30 



NEWS 



Software Development Times . June 1, 2008 



www.sdtimes.com 



JavaOne 2008 



Net Beans adds PHP support 



< continued from page 5 

tures to add to what will be a 
NetBeans 6.5 release sometime 
this summer, said Octavian 
Tanase, senior director of Net- 
Beans engineering at Sun. 

"We believe that the best 
way to make progress and give 
people a compelling set of tools 
and software is being in a con- 
versation," Tanase said. 

NetBeans offers support for 
JavaScript, Ruby, and Ruby on 
Rails, but PHP has a large fol- 
lowing among Web developers. 

The editor in NetBeans Early 
Release for PHP includes fea- 
tures such as prioritized code 
completion, instant renaming, 
occurrence marking and dynam- 
ic code templates. Beyond the 
editor, the program also includes 
debugging support, deployment 
to a local server and other fea- 
tures aimed at facilitating PHP 
development and deployment. 

Adding PHP support to Net- 
Beans is important, but whether 
that will boost NetBeans' mar- 
ket penetration versus Eclipse is 
another matter, said Dana Gard- 
ner, principal analyst with Inter- 
arbor Solutions, a research and 
consulting firm. 

"What matters even more 
than the feature function set is 
the quality and size of the com- 
munities," Gardner said. 
"Because so many aspects of 



NETBEANS 6.1 
SPROUTS 



Sun Microsystems announced the 
general availability of NetBeans 6.1 
on May 5. At the same time, it 
announced still more changes ahead 
for the Java IDE (available for Java 
6.1 unless noted otherwise): 

• Support for JRuby and a Ruby plat- 
form manager. 

• Tighter integration with MySQL 
database (Sun acquired MySQL in 
February). 

• Browser compatibility feature 
designed to make it easier to write 
JavaScript code to run in Mozilla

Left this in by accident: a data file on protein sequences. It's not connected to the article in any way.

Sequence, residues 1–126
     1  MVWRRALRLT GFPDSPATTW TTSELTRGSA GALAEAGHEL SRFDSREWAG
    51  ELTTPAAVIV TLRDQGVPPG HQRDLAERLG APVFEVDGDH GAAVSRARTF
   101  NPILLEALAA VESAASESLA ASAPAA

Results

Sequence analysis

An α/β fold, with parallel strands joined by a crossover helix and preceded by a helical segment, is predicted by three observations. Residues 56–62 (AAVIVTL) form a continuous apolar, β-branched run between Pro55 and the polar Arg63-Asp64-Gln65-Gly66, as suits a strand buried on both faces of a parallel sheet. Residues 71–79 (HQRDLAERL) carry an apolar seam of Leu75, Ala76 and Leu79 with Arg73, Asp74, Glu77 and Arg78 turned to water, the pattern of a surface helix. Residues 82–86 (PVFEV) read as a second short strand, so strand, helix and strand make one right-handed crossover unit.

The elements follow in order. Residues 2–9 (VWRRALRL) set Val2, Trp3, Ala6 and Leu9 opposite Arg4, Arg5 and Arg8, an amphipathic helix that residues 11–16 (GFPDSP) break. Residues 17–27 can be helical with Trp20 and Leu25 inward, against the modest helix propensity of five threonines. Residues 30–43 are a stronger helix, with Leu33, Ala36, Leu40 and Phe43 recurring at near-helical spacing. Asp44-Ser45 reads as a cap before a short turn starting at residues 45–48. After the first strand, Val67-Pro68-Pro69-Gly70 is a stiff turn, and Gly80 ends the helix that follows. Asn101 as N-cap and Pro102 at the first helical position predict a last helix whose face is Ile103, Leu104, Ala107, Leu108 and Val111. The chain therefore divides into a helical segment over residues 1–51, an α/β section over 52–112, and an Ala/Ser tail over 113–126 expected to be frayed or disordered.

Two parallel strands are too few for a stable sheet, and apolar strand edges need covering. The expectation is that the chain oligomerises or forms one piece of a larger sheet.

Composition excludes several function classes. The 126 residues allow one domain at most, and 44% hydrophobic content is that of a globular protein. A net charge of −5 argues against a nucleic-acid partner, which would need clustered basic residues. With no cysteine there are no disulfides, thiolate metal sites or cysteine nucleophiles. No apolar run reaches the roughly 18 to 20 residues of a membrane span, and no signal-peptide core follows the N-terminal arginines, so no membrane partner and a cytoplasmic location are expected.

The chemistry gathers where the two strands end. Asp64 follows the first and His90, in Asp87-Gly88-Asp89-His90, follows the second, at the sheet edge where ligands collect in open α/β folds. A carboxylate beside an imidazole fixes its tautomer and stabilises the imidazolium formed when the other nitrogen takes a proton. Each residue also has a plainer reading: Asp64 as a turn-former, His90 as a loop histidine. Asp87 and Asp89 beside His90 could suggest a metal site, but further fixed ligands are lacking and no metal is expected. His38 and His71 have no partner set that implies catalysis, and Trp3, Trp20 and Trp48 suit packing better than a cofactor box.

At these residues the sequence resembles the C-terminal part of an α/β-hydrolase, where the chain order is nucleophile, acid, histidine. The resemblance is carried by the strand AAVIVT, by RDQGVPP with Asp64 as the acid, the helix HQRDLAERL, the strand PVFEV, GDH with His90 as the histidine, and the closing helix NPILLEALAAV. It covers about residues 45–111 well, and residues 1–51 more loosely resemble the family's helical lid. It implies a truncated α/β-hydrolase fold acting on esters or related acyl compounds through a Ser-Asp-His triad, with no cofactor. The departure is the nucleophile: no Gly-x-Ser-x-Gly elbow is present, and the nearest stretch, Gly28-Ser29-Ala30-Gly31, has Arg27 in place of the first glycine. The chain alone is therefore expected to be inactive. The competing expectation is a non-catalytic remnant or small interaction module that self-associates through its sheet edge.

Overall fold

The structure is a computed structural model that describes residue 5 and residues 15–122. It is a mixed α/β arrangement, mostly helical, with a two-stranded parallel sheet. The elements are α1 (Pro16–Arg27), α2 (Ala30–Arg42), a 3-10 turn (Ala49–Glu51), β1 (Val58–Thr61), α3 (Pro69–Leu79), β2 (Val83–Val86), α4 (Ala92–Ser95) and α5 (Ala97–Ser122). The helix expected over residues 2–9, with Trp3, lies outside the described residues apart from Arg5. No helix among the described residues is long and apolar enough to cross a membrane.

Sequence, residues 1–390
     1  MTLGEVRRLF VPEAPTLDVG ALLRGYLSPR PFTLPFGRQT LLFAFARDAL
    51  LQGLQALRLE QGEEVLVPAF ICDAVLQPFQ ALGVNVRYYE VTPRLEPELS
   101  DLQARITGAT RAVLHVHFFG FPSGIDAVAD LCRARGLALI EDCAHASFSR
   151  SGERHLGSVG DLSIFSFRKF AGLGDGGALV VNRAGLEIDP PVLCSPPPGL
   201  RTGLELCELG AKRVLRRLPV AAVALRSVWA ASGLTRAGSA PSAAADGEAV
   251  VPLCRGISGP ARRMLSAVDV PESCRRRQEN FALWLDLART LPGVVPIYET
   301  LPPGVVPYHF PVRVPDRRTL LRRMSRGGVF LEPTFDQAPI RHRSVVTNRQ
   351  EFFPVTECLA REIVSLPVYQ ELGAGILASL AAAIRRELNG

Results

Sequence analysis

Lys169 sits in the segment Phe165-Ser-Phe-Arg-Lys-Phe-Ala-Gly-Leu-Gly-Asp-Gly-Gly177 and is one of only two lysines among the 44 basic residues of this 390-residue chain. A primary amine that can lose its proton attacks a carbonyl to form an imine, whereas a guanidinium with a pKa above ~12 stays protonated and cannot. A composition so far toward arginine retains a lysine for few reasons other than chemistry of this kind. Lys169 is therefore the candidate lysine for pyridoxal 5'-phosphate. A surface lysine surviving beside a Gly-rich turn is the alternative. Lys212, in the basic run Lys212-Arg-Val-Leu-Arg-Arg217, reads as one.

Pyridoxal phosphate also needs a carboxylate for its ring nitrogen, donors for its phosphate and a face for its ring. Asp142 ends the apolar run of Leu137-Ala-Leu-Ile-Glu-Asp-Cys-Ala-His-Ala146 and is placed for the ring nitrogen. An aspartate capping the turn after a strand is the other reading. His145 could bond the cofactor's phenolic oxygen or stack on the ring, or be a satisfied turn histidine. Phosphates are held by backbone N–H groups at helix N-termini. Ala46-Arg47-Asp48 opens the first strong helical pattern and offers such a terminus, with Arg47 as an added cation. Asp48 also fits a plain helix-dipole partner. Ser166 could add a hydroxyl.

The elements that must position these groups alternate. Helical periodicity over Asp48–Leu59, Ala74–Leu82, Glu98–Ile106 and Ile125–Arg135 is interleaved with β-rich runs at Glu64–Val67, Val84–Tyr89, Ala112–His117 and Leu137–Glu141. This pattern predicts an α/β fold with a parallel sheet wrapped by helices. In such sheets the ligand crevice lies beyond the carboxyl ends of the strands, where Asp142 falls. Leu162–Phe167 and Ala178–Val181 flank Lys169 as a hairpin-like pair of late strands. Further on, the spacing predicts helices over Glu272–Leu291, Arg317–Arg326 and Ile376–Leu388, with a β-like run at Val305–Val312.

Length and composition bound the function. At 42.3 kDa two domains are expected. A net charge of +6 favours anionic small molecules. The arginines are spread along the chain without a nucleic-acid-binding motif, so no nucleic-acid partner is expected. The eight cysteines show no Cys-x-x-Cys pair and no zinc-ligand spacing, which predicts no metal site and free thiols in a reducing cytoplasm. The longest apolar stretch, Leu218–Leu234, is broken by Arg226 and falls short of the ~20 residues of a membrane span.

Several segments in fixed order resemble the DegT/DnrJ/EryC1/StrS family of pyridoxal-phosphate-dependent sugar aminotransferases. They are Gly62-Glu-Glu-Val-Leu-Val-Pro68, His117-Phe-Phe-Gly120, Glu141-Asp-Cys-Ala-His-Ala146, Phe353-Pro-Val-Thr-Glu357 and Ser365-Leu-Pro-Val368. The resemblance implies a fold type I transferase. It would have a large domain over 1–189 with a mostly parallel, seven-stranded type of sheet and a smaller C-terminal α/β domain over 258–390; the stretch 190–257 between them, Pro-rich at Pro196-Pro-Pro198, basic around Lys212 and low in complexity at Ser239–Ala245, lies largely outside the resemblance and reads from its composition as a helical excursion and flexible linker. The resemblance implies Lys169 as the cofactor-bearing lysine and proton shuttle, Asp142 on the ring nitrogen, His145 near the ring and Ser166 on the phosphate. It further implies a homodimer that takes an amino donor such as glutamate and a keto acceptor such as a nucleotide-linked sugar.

Firefox, Opera, Safari or Windows 
Internet Explorer. 

• Support for IBM's Rational 
ClearCase version control system. 

• Faster startup and code comple- 
tion than previous versions. 

• Early Access for PHP scripting lan- 
guage support, which is popular 
with Web 2.0-style developers. Not 
in 6.1, but for a later upgrade. 

Source: Sun Microsystems 



development have adapted to 
Eclipse, its the community that 
becomes the vital incentive for 
further contributions to Eclipse." 



Dominance in software devel- 
opment communities depends on 
dominance in software runtime 
markets in areas such as applica- 



tion servers, portal servers or mid- 
dleware, he continued. Sun's lack 
of market leadership in those tiers 
is holding the company back, 



Gardner added. 

But Sun is confident of Net- 
Beans' growth potential, said 
Tanase. The active NetBeans 
user population has jumped 
about 40% year during the past 
three-and-a-half years, to 
500,000. I 




^H 



www.sdtimes.com 



Software Development Times . June 1, 2008 . 



NEWS 



31 



JavaOne 2008 






Sun puts modular components into GlassFish 



needed, or the 21MB bundle can downloadable only as a whole. 

After downloading the kernel, be downloaded at once, he Sun has identified certain 

GlassFish v3 modules can be explained. By comparison, Glass- cases among GlassFish users 

downloaded one at a time as Fish v2 is a 61MB bundle and is that would determine which 



modules they would need to 
create an application server for 
their software, said Karen Tegan 
Padir, Sun's vice president of 




Windows Forms